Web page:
Ireland's Alan Lynch has been handed a two-year suspension by the International Wheelchair Rugby Federation (IWRF) for violating classification rules.
Lynch, the Irish team captain since 2007, has been accused of "intentional misrepresentation", which occurs when an athlete "deliberately conceals" or "misrepresents their skills and abilities or the nature or degree of their impairment" in an effort to deceive classification personnel during or after classification.
An IWRF investigation ruled that Lynch had "deliberately concealed his functional abilities from IWRF classifiers during the classification evaluation process".
A release revealed that he had waived his right to a hearing and accepted the imposed sanction.
"An athlete who conceals their physical function from classification personnel, in order to be assigned to a lower sport class, is committing a serious violation," IWRF chief executive Eron Main said.
"IWRF takes this very seriously, and we are taking ongoing steps to investigate potential cases of intentional misrepresentation.
"This is absolutely necessary to ensure a fair and level playing field for all wheelchair rugby athletes."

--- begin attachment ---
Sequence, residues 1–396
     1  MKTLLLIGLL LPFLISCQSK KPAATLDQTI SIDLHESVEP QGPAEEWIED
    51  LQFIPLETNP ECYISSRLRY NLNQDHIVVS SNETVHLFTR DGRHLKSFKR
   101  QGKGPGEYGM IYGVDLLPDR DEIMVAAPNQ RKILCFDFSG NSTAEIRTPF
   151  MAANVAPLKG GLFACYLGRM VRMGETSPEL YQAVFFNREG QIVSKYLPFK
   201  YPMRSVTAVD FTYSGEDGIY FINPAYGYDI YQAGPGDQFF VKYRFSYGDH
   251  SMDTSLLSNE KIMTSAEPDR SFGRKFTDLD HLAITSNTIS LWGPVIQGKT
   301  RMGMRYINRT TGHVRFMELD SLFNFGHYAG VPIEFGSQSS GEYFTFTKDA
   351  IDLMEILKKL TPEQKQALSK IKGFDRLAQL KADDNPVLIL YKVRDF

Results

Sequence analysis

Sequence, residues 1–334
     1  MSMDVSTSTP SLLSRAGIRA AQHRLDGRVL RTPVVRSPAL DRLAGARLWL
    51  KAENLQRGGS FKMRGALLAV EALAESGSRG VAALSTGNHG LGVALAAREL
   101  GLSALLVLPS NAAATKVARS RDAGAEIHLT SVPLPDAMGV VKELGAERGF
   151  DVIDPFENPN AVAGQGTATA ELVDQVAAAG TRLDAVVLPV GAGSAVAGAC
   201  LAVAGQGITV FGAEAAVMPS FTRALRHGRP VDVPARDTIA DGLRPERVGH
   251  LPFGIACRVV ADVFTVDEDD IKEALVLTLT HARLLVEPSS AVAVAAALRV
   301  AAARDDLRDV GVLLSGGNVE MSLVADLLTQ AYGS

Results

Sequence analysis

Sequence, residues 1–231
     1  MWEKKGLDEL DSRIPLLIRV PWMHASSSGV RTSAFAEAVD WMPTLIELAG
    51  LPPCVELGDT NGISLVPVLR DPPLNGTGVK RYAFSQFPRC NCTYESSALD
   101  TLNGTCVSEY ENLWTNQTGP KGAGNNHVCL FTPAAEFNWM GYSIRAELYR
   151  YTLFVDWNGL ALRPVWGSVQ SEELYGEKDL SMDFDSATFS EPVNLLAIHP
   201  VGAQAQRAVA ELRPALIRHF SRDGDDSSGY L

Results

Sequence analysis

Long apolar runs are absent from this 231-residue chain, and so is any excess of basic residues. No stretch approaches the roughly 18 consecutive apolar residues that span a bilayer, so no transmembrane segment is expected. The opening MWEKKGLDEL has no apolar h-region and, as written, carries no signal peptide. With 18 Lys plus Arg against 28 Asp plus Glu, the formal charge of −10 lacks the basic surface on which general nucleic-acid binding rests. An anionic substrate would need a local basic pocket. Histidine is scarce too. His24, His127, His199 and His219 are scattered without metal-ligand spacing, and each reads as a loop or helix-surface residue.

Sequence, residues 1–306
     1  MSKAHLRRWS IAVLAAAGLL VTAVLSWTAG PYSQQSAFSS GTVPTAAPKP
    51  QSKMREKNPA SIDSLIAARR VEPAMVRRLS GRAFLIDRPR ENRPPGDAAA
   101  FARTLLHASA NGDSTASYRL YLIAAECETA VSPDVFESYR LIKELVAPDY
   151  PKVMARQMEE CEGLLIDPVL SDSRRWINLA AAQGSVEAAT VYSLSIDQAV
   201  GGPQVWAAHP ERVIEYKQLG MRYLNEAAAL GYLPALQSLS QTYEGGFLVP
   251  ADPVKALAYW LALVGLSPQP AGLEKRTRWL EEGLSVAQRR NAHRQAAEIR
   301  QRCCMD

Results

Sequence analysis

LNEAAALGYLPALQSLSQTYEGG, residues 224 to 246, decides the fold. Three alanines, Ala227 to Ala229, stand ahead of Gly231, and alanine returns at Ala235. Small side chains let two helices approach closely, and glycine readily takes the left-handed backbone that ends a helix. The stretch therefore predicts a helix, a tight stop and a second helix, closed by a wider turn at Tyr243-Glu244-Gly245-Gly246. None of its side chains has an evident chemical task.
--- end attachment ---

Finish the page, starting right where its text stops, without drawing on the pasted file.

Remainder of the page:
The two-year suspension was awarded in accordance with the International Paralympic Committee’s Athlete Classification Code.
insidethegames has contacted Irish Wheelchair Rugby for a further explanation.
A biography of Lynch of their website claimed that a fall from a tree in 1997 left him an incomplete quadriplegic and he spent 16 months in rehabilitation before using sport to recover.
Classification remain a source of controversy in Paralympic sport but there are relatively few cases of proven intentional misrepresentation.
The most infamous case came at the 2000 Paralympics in Sydney when the Spanish wheelchair basketball team were stripped of their intellectual disability gold medal after they were found that 10 of the 12-strong squad had no disability.